Australian Politics, Mark II


#9539

Do people really expect a state isn’t going to go after people who publish state secrets.

It’s not about whether the material is in the public interest for national security or defence matters. If the state chose not to pursue leaking of state secrets they wouldn’t have any secrets for long.

I applaud the people who do release this stuff knowing full well they will be destroyed, it’s incredibly brave and we owe them.

But the realist in me knows it will allways be this way.


#9540

Nope, I have the gripes with the Journalists. I could name names of eager young Journos who used to hunt me down when I was Mayor for a story, who had all the idealism of youth and the high journalistic principles drilled into them at University. I watched them change into vultures, fighting for a story, just to get their name in the paper. Some are now “star” writers for Fairfax, and have no principles and any idealism is dead, just for their own glory. They create stories like all good fiction writers and then sell them to their Boss.


#9541

Stories ? That Soldiers kill people !! Your average Qld moronic voter, loves Soldiers killing people.

You are still young enough to think Voters can be swayed with truth and justice. Will never happen in this Country; look what we continue to do to our Indigenous Brothers & Sisters, and most of your Qld neighbours, still want to poison the water-holes.


#9542

You’re making my argument for me.

If management is directing editors to favour content from staff who behave like that. what do you think is going to happen? Journos aren’t all just operating on free will while their boss chomps on a cigar and shouts “bring me pictures of Spider-Man”


#9543

OK, maybe Management sets the Agenda, but these arsewipe, sad excuses for journos do not have to comply.


#9544

That’s true, but I’m hoping just enough smart moral driven people in the south can be swayed by this sort of thing coming to light.


#9545

Oxymoron of the highest order. No-one like this exists in Australia


#9546

Following this in Europe. It was not a raid on the ABC. It was the execution of a search warrant. Pretty routine. As for threat to freedom of press, this relates to the unlawful disclosure of classified material. All security clearance holders know their obligations. We have the IGIS, professional standards and parliamentary committees that have mechanisms to report to if, as a security holder, you have concerns.


#9547

I don’t know, Humble Minion gives it a fair shake…


#9548

So is the warrant to find information that we’ll help ascertain the leak? Because the press is allowed to protect their source if it is decided it’s in the pubic interest to publish information from the documents leaked.


#9549

Pay rises for politicians just a few weeks AFTER the election.
Scum bags the lot of them


#9550

I haven’t read the warrant. But typically ut is used to secure evidence or furyher investigations through lead discovery. Presumably seeking evidence of the source of the classified disclosure.


#9551

So it’s not really against any of the journos, it’s the source of the leak


#9552

Democracy broken? Why because the Australian people decided against voting in the economic and social vandals sometimes known as Labour?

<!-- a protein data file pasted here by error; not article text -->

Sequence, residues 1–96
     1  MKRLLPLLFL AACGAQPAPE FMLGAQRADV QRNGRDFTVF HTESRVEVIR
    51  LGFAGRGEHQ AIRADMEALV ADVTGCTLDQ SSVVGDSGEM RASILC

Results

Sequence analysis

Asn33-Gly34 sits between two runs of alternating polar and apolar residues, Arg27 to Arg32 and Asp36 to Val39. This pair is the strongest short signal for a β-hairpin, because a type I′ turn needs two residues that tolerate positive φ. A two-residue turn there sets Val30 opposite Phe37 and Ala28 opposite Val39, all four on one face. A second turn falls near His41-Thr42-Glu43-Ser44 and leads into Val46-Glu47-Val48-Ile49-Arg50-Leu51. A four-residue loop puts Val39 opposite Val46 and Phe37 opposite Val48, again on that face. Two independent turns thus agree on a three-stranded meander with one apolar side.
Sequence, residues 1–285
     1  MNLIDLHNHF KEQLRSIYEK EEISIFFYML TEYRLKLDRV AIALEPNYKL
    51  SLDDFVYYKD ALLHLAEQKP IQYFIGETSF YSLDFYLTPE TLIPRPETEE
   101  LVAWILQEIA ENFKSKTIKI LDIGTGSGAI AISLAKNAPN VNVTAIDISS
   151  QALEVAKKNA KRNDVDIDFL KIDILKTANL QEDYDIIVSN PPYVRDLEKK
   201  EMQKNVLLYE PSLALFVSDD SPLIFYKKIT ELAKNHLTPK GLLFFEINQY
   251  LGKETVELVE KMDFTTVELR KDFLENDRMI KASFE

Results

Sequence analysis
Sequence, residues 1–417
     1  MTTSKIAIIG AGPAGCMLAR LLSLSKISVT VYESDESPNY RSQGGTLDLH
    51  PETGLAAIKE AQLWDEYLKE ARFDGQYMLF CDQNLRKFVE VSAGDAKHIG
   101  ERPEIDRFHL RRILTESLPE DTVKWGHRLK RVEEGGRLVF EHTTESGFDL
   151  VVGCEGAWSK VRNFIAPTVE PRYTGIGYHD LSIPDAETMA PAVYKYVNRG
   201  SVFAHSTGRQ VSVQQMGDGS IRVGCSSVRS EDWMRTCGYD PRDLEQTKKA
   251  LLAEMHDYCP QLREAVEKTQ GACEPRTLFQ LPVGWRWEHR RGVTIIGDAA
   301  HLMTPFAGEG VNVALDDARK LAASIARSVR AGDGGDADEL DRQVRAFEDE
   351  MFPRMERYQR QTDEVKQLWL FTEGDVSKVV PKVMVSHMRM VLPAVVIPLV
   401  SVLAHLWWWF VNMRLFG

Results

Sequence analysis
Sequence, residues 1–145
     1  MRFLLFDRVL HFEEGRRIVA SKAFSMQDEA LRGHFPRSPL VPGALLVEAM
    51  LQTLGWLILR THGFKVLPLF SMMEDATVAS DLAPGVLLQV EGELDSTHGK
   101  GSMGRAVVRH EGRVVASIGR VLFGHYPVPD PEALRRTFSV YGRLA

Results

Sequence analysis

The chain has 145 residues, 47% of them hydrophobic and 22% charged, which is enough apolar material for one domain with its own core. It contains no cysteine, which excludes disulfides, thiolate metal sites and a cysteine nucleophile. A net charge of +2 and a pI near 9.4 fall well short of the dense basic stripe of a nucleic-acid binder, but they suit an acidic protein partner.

Basically you support democracy as long as it goes your way. I’d recommend Venezuela for you so you can experience socialism in all it’s beauty.

Anyway enjoy your travels. One less left wing Looney in the country can onlt be a good thing :grinning:.


#9553

In the case of the ABC, the source is known - David McBride, a legal military expert, who exhausted internal processes before passing documents to some ABC journalists. I sense that part of the AFP exercise is to establish precisely which documents are held, linked to McBride’s upcoming trial ( which will be in a closed court and will prevent McBride from referring to any aspects of the trial under a security suppression order).
The warrant relates to a provision of the Crimes Act current at the time, but which gives the ABC less cover than legislation now in force. There seems to be a question whether the ABC should be allowed to retain and display the documents -a joke as they are all over the internet in multiple digital forms


#9554

As to the number of search warrants on the media I can only recall one which was made public -Philip Dorely, in part connected to his access to classified material in his previous employment as a public servant.
Public servants are drilled on security and are subject to ongoing surveilllance (heightened after a leak). Not so the Ministerial staffers, who have access to confidential material.


#9555

I understand the sentiment BF. Seems we have had our Trump / Brexit moment where the dinosaurs inexplicably vote for the meteor.

But what guarantees Spain won’t follow the same dark path as Italy, Hungary, Austria, Poland? The Nazis are on the rise in the West. Could be frying pan / fire for you.


#9556

Love it.

Stealing it.


#9557

You are welcome - steal away


#9558

Canberra Times this evening.

The Australian Federal Police is bracing for fresh scrutiny over its decision to raid major media organisations after officers quietly abandoned a separate investigation into who leaked classified national security advice at the height of a major political dispute over border protection.

The leak, which Australia’s top spy decried as “seriously damaging” and Labor claimed was orchestrated by the Morrison government to discredit proposed laws to fast track asylum seeker medical transfers, was referred to police by Department of Home Affairs secretary Michael Pezzullo earlier this year.